‘It Got Out of Hand,’ Ecclesia Defendant Says on Tape

Times Staff Writer

The leader of the Watts-based Ecclesia Athletic Assn. instructed his followers to withhold food from his daughter as a means of discipline and they later beat the girl with a garden hose and a barber’s strop when she stole something to eat, according to statements made by two group members charged in the child’s death.

“I had a problem with her. It got out of hand,” defendant Willie Chambers told sheriff’s deputies in a tape-recorded conversation played during a pretrial hearing in Oregon. “I got out of control. I went further than I should.”

Another defendant, Frederick Doolittle, said on tape that 8-year-old Dayna Broussard was struck 50 times the day before she died as punishment for stealing food. On the day of her death, Doolittle said, Dayna was hit 250 times with a garden hose, plastic pipe and leather barber’s strop. Water was periodically splashed in her face while she was being beaten, he said.

The tapes were played this week in Clackamas County Circuit Court, where Judge John Lowe is to rule on their admissibility as evidence in the upcoming manslaughter trial of Chambers, Doolittle and two other Ecclesia members.


Defense lawyers contend the recordings--the first public disclosures about events leading up to the child’s death--should be barred because their clients were not properly advised of their rights and may not have made the statements voluntarily.

“It is our position that every tape that’s been played so far is not admissible,” said defense lawyer Ron Gray, whose client, Constance Jackson, also allowed authorities to interview her on tape. That recording is scheduled to be played when the hearing resumes Monday.

“In none of those statements,” Gray added, “do any of those people acknowledge that their conduct caused death.”

Dayna’s death in a rural Oregon farmhouse Oct. 14 touched off a sweeping child abuse investigation into the Ecclesia Athletic Assn., which Dayna’s father, Eldridge Broussard Jr., founded as a way to help inner-city children out of the ghetto through discipline and athletics. Fifty-three Ecclesia children who were housed in the farmhouse with Dayna are now in protective custody in Oregon.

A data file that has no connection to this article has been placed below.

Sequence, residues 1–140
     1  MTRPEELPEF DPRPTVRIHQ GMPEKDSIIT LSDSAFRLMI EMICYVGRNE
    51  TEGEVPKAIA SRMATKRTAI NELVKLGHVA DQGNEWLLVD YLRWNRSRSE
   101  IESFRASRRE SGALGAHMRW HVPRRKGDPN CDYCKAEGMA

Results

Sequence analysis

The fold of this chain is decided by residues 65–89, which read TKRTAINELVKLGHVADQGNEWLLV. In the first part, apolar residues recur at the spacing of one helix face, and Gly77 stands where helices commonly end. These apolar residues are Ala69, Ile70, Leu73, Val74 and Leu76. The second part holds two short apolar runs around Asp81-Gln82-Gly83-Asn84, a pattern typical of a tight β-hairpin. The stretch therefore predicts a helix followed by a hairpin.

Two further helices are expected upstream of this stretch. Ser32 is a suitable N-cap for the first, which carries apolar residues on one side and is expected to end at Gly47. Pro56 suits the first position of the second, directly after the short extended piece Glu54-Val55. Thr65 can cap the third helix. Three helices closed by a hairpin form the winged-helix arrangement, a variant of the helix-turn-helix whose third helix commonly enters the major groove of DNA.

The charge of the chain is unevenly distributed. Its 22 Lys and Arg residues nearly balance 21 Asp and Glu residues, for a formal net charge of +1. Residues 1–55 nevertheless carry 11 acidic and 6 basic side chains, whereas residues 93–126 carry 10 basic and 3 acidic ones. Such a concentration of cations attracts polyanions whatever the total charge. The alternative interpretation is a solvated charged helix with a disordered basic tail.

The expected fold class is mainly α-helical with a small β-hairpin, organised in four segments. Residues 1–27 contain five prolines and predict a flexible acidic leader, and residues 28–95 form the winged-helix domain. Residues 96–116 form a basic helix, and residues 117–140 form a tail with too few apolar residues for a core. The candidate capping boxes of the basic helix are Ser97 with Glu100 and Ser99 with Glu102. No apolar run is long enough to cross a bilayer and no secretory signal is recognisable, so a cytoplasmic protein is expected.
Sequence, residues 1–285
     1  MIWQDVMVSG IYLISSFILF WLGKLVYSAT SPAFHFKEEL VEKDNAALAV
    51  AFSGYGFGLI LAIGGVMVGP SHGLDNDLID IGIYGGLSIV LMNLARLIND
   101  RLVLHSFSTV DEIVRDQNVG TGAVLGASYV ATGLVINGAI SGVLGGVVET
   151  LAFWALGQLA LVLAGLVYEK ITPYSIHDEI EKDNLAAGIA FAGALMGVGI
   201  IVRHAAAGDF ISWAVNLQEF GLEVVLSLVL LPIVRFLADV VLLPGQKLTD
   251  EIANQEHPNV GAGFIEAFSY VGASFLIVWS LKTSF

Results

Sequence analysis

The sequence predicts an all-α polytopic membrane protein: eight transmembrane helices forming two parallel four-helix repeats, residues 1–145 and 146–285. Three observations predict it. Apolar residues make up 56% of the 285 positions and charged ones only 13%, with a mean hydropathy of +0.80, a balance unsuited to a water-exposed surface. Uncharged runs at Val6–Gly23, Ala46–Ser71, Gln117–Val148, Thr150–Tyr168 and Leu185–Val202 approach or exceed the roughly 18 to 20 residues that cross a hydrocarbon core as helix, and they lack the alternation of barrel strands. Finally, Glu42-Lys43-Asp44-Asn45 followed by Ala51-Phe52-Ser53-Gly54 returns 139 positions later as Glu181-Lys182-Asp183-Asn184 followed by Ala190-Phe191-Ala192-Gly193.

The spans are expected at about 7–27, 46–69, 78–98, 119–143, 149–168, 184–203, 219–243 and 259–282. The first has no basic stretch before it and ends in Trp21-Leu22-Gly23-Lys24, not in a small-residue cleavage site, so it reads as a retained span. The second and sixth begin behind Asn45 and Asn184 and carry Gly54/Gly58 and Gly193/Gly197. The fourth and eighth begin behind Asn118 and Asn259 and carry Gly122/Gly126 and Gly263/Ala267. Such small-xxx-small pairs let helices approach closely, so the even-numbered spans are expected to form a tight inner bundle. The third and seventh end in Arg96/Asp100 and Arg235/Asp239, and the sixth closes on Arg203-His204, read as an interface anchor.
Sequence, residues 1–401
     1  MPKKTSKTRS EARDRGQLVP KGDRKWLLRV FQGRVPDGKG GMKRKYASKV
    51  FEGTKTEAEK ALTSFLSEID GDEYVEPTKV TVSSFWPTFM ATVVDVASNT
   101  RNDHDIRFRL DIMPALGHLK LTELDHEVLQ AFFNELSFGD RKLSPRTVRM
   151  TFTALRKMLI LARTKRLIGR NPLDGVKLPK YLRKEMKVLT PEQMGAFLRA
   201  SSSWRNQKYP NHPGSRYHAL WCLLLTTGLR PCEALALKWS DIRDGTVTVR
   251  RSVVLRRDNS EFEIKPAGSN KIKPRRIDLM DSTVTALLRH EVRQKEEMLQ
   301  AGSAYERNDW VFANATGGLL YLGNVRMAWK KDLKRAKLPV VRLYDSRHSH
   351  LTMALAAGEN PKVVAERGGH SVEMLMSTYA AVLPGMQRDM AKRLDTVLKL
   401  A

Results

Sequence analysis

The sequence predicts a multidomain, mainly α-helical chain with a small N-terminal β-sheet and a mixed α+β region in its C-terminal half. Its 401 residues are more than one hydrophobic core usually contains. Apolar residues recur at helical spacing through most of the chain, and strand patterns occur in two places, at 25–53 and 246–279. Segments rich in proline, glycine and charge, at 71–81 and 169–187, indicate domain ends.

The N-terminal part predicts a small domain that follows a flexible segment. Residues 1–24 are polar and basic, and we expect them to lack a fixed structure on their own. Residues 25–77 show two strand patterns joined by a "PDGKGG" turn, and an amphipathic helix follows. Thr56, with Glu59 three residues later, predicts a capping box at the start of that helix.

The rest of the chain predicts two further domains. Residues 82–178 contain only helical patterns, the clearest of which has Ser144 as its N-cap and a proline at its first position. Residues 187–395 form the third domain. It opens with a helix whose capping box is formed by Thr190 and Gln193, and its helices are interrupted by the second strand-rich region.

Broussard in the past has refused to discuss the case with The Times.

So far, only two Ecclesia members have been charged in the child abuse probe: Jackson, who faces nine counts each of second-degree assault and first-degree criminal mistreatment in Oregon; and Broussard’s younger brother, Alvin, who faces misdemeanor charges of child endangering and illegal corporal punishment in Los Angeles.

The four manslaughter defendants--Chambers, Doolittle, Jackson and Brian Brinson--are free on their own recognizance in Oregon. Their trial was scheduled to start Monday, but Lowe granted a motion by the defense to delay the case until Feb. 6.

Lowe also granted defense lawyers the right to interview the 53 Ecclesia children--some of whom, authorities say, witnessed the lashing that led to Dayna’s death and received similar “systematic beatings” themselves.


In addition, the judge ordered the Oregon medical examiner, who conducted the autopsy on Dayna, to release tissue samples to an independent pathologist hired by the defense. The Oregon medical examiner ruled that Dayna died of blunt-force head injuries.

In his taped interview, Chambers said Broussard had given him the authority to discipline Dayna. He told sheriff’s deputies the girl had become disrespectful and that he began beating her the night she died after attempts at non-physical discipline failed. He stopped the beating after the child became exhausted, he said, and left her in a sleeping bag about 10 p.m.

Chambers said Dayna was moaning softly when he left her, but that she was unresponsive when he checked her later. He said he thought Dayna had gone into shock, and that he and Brinson then carried the 60-pound girl to a nearby fire station in Clackamas County, where she was pronounced dead.